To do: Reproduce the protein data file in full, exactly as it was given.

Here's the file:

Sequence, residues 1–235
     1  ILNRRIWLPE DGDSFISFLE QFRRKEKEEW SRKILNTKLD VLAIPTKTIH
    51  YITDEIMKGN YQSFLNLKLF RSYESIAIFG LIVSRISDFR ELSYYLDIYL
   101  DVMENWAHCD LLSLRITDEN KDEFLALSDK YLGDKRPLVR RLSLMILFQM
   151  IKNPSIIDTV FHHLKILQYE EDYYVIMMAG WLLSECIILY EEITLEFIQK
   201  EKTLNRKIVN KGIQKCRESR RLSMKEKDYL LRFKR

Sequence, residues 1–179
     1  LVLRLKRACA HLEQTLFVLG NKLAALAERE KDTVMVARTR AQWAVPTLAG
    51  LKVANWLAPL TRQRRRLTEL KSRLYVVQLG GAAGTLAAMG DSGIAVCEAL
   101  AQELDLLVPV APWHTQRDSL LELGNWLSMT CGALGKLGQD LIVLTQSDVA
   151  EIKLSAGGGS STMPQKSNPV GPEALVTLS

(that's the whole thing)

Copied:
Sequence, residues 1–235
     1  ILNRRIWLPE DGDSFISFLE QFRRKEKEEW SRKILNTKLD VLAIPTKTIH
    51  YITDEIMKGN YQSFLNLKLF RSYESIAIFG LIVSRISDFR ELSYYLDIYL
   101  DVMENWAHCD LLSLRITDEN KDEFLALSDK YLGDKRPLVR RLSLMILFQM
   151  IKNPSIIDTV FHHLKILQYE EDYYVIMMAG WLLSECIILY EEITLEFIQK
   201  EKTLNRKIVN KGIQKCRESR RLSMKEKDYL LRFKR

Sequence, residues 1–179
     1  LVLRLKRACA HLEQTLFVLG NKLAALAERE KDTVMVARTR AQWAVPTLAG
    51  LKVANWLAPL TRQRRRLTEL KSRLYVVQLG GAAGTLAAMG DSGIAVCEAL
   101  AQELDLLVPV APWHTQRDSL LELGNWLSMT CGALGKLGQD LIVLTQSDVA
   151  EIKLSAGGGS STMPQKSNPV GPEALVTLS